In a paper prepared for the 17th Congress of the World Energy Council held in Houston, Texas, in September, chairman R. Bechtel of the Bechtel Group stated that several trends are profoundly changing the energy industries: erosion of international barriers, privatization and deregulation, and technological progress.

Developing nationsí energy consumption will surpass that of developed nations by 2020, accounting for 64 percent of the increase in world energy consumption. This implies improved standards of living worldwide. The erosion of barriers to trade and investment, transportation and information technology and finance will drive the process. Growing markets worldwide mean that the energy industries will be active in new and unfamiliar locales, where the local experience of major engineer/constructors will be a major asset.

For engineer/constructors to compete effectively, says Bechtel, they must cultivate what Bechtelís past president and former United States Secretary of State G. Shultz has characterized as "a global reach and a local touch." Local presence is important for frequent and open communication with customers, for management of local contractors and suppliers, for accommodating local customs and institutions and for ensuring quality and integrity.

Erosion of international barriers makes it possible for engineer/constructors to drive down costs without compromising quality. Three key ways to accomplish this are through global procurement, global engineering execution and global financing:

Erosion of international barriers to investment also provides engineer/constructors with opportunities to become project developers and builders where they have the in-country experience and performance capability that sponsors demand.

New energy companies with new needs are emerging around the world. In many countries, energy is moving from state-owned or franchised monopolies to competitive private ownership. For example, there is a worldwide shift from independent power projects that are financed by non-recourse debt secured on power purchase agreements to merchant powerplants that sell electricity on the spot market.

One approach to managing risk in competitive power markets is to secure "anchor tenants" that will buy power regardless of market volatility. Another is to integrate powerplants with fuel supply and electric power trading and brokering. Engineer/constructors play an enabling role in integrating not only the physical plants but also in bringing together fuel and power generation sponsors who may have little familiarity with each otherís business, thus reducing risks for all concerned.

Rapid currency depreciation is an important risk, particularly in developing countries. Engineer/constructors with international experience in minimizing and mitigating currency risk exposure can make a valuable contribution in structuring procurement, execution and financing to reduce the vulnerability of such projects.

Although oil is being discovered faster than it is being depleted and production costs are declining, existing fields will be exhausted and petroleum consumption will continue to grow. New fields will present engineer/constructors with increasing technical, program management and logistical challenges in enabling oil companies to work in deeper water, harsher terrestrial environments and more remote locations. These conditions will put a premium on generating innovative solutions and managing complexity.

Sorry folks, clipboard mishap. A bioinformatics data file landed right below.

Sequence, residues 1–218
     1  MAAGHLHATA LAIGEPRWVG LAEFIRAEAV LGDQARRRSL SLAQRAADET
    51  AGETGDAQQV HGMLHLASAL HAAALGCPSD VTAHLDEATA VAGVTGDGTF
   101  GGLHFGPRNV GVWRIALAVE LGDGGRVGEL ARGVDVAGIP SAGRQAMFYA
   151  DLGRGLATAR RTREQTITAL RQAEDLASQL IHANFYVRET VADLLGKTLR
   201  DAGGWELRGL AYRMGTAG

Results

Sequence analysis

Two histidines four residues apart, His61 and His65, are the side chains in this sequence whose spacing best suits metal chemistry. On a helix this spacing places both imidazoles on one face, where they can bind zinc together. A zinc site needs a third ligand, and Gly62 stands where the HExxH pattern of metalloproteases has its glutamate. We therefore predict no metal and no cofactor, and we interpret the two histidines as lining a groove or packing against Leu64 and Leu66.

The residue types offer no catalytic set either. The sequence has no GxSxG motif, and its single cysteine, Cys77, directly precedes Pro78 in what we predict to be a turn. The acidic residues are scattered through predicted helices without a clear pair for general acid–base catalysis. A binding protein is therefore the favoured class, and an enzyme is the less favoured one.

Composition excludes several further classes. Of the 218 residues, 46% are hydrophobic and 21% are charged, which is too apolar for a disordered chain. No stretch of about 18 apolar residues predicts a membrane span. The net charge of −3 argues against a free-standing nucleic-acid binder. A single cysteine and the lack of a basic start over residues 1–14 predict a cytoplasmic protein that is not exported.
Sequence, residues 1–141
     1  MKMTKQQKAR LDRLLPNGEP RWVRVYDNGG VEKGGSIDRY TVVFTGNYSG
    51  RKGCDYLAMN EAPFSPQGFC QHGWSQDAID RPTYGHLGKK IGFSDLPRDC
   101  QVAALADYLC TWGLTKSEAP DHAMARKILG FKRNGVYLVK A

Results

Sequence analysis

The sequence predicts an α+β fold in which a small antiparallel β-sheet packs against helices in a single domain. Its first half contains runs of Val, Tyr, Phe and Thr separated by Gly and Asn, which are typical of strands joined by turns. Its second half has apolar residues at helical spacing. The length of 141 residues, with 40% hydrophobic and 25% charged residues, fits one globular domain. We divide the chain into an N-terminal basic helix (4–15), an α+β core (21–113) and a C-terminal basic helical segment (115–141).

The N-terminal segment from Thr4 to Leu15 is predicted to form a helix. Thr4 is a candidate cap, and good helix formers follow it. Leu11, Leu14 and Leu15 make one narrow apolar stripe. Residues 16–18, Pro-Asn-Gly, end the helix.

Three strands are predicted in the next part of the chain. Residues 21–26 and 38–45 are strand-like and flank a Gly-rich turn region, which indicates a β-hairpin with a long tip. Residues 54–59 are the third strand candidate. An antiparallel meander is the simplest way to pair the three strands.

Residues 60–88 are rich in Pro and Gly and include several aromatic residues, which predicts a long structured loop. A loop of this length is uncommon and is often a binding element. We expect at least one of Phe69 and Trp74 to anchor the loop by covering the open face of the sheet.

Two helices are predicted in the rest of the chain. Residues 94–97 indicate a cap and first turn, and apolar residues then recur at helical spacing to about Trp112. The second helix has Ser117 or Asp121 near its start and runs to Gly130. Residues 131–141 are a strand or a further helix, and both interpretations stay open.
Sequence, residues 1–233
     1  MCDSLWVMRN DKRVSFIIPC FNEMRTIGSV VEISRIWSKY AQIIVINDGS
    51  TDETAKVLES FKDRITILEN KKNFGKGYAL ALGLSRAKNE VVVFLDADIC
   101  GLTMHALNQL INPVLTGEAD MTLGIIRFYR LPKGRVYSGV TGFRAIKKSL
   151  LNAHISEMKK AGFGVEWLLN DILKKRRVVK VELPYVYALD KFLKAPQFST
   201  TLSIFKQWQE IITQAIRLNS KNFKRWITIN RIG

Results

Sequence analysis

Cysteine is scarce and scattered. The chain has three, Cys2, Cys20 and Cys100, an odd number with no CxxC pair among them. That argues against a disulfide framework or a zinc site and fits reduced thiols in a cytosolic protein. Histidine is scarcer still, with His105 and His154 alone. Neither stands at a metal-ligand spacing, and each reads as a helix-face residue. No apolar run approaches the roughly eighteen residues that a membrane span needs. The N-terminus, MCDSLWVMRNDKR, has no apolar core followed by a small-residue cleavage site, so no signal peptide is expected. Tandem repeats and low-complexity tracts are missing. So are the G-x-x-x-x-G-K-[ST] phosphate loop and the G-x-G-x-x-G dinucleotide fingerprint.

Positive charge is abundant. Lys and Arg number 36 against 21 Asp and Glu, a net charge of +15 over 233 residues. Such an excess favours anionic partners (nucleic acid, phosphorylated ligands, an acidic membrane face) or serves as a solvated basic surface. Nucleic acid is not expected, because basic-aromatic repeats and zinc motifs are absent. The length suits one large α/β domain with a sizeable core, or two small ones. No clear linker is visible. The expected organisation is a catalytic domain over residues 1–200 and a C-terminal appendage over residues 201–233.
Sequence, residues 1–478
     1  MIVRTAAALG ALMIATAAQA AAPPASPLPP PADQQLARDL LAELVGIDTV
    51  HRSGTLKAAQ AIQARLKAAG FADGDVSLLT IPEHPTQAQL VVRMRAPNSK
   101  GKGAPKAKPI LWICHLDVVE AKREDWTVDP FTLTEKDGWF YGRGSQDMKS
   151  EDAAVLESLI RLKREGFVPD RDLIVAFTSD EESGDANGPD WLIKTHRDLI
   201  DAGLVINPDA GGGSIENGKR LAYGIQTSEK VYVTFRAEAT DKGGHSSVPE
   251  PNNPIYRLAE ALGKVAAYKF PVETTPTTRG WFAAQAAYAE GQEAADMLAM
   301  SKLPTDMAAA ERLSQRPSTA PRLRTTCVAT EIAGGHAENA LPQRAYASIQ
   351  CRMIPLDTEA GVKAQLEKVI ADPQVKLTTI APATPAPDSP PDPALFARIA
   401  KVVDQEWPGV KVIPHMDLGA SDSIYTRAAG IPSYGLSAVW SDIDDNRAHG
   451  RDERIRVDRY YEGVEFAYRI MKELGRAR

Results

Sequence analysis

Furthermore, notes Bechtel, technology is driving down the break-even point of production from previously uneconomical sources of hydrocarbons, such as tar sands and heavy oil. Also, advances in the chemical conversion of natural-gas-to-middle-distillates will probably result in commercial-scale production in the next decade.

These new technologies will require engineer/constructors to be agents of change by developing innovative ways to reduce costs through creative engineering and project management. Equity participation and financing assistance on the part of engineer/constructors may be a requirement to participate in some of these projects. This will prove an opportunity as well as a risk.

Proven technologies also present technical challenges. For example, most easy liquefied natural gas opportunities have been developed. Future expansion depends on developing smaller plants to match smaller fields, largely through proprietary technology.

Environmental issues present enormous technical challenges for engineer/constructors, which must develop and maintain the capability to react to the requirements of the energy industries. Combining affordable energy with environmental quality is an ongoing quest for prosperous countries and it is gaining in importance in the developing world. In reacting to this quest, engineer/constructors must have the technological prowess needed. But in addition they must be sensitive to difficult choices between environmental quality and other concerns.

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